Southwest Florida Yachts
 
 

 

Good Cruise. Bad Cruise
By Barb Hansen
May 1, 2002

I have been on good cruises and I have been on bad cruises. Now I think I know what makes some successful and others not. Fortunately, most of our cruises are wonderful. We follow a simple recipe.

A good cruise, like a good recipe, needs the right ingredients in the proper measure. When you experiment, as any chef will tell you, you'd better know what you're doing. One overpowering ingredient can ruin the cake. A little salt is great; too much is ruinous.

The ingredients for a good cruise are people, vessel, time, destinations, and weather. You might say those are ingredients for a bad cruise, too. You would be right.

What every cruise needs is good planning and for the weather, common sense.

Here's my recipe:

People. This is your main ingredient. Choose carefully and mix well. A cruise is a great way to strengthen the bonds of old friendships, but it is a lousy way to make new friends. New friends who are also new to boating may not understand that there is a limit to the freshwater supply and that long showers are a no-no. What is your objective? Maybe you'd like to relax but your spouse wants to invite the grandkids. Relaxation is probably not going to happy when your guests include little persons who like to emit periodic shrieks and who need a lot of adult attention and supervision. If someone on board is looking for the perfect cruise, he or she will be disappointed.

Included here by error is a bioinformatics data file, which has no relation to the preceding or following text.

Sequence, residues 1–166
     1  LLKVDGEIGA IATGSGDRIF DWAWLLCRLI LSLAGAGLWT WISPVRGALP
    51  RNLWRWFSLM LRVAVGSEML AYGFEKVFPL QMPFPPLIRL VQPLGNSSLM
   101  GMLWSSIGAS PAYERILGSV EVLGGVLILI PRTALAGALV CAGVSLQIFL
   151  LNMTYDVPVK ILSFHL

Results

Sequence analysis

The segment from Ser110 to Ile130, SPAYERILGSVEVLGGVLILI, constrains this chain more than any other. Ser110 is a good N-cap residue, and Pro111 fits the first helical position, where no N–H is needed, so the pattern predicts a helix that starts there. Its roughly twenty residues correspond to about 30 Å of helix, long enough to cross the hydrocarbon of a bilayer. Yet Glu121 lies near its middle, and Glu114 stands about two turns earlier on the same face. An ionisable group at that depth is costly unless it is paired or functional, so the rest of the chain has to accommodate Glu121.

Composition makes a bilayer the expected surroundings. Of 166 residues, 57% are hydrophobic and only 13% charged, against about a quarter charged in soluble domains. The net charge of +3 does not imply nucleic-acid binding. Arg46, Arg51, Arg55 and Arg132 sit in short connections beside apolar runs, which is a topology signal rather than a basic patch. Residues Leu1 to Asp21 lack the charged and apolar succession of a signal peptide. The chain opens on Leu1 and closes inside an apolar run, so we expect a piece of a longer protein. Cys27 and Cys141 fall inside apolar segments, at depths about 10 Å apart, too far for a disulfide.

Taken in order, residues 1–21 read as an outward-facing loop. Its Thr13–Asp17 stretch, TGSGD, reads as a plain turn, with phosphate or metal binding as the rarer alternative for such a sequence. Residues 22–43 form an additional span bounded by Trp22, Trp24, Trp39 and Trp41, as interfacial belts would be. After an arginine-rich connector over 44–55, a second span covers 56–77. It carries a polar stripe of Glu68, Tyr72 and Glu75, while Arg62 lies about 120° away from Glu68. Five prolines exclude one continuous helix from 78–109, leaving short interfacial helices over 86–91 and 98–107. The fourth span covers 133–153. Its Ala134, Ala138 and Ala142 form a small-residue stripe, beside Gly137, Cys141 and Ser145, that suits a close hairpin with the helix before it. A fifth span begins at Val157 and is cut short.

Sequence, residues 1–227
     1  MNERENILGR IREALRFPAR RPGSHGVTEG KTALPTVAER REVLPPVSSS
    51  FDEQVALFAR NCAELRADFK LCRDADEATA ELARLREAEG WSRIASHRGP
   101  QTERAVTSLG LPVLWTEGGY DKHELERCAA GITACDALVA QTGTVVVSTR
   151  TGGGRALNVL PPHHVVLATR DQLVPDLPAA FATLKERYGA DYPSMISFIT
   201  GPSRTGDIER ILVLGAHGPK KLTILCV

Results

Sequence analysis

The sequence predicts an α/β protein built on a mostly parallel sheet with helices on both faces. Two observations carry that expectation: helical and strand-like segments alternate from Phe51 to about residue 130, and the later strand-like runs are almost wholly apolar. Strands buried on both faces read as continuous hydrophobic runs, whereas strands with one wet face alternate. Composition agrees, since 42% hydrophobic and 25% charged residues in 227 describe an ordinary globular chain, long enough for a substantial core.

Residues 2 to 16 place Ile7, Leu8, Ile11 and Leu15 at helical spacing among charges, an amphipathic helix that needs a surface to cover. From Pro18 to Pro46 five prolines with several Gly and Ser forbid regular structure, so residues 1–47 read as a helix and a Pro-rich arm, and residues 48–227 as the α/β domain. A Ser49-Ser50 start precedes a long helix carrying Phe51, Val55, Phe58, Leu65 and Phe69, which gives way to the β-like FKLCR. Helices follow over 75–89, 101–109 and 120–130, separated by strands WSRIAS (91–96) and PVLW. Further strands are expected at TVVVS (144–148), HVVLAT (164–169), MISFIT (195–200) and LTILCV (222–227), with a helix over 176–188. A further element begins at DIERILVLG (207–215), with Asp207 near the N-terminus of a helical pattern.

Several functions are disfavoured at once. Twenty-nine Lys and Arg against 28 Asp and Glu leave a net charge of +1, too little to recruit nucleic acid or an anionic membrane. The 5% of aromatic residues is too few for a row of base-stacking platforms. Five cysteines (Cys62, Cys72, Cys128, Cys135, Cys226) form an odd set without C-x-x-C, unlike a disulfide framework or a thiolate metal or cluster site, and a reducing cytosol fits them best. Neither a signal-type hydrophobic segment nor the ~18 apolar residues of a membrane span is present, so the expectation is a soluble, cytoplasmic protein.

Set the timer. Some people could cruise from here to eternity and never tire of it. Others are ready for dry land after only a couple or three days. The key here is to know your people, then blend in a window of cruising time that suits all parties. Don't try to do too much. Just because the boat cruises at 10 knots don't expect to cruise 100 nautical miles in a 10-hour day. This is Vic's law: To calculate the time it will take to go from point A to point B estimate the time you think it should take, multiply it by three, then add an hour for each bridge that must open for your passage.

Vessel. The boat is your oven (not literally, we hope) so it has to be working right. Don't wait for something to break because if you do it will break on the cruise. Practice preventative maintenance on your boat just like the airlines do on their aircraft. There is no such thing as a bad boat but there are boats that are bad for certain types of cruising. Some vessels may be just right for cruising protected, inland water but may not be suitable for an offshore passage. Know your vessel; know your water. Even big boats are too small some of the time.

The company, now in its eighteenth year, has twelve engine-powered vessels in its charter fleet including eight Grand Banks trawlers and motoryachts from 32 to 42 feet, a Bayliner 39 motoryacht, a Spindrift 40 motoryacht, and two Krogen trawler yachts, a 36-foot and 42-footer.

Click here to visit out Sailing School website!

Southwest Florida Yachts
3444 Marinatown Lane N.W. • North Fort Myers • Florida 33903
(239) 656-1339 (800) 262-7939 Fax (239) 656-2628

Marinatown Marina 26° 38.5'N 81° 53.0'W
Burnt Store Marina 26° 45.71' N 82° 04.20'W


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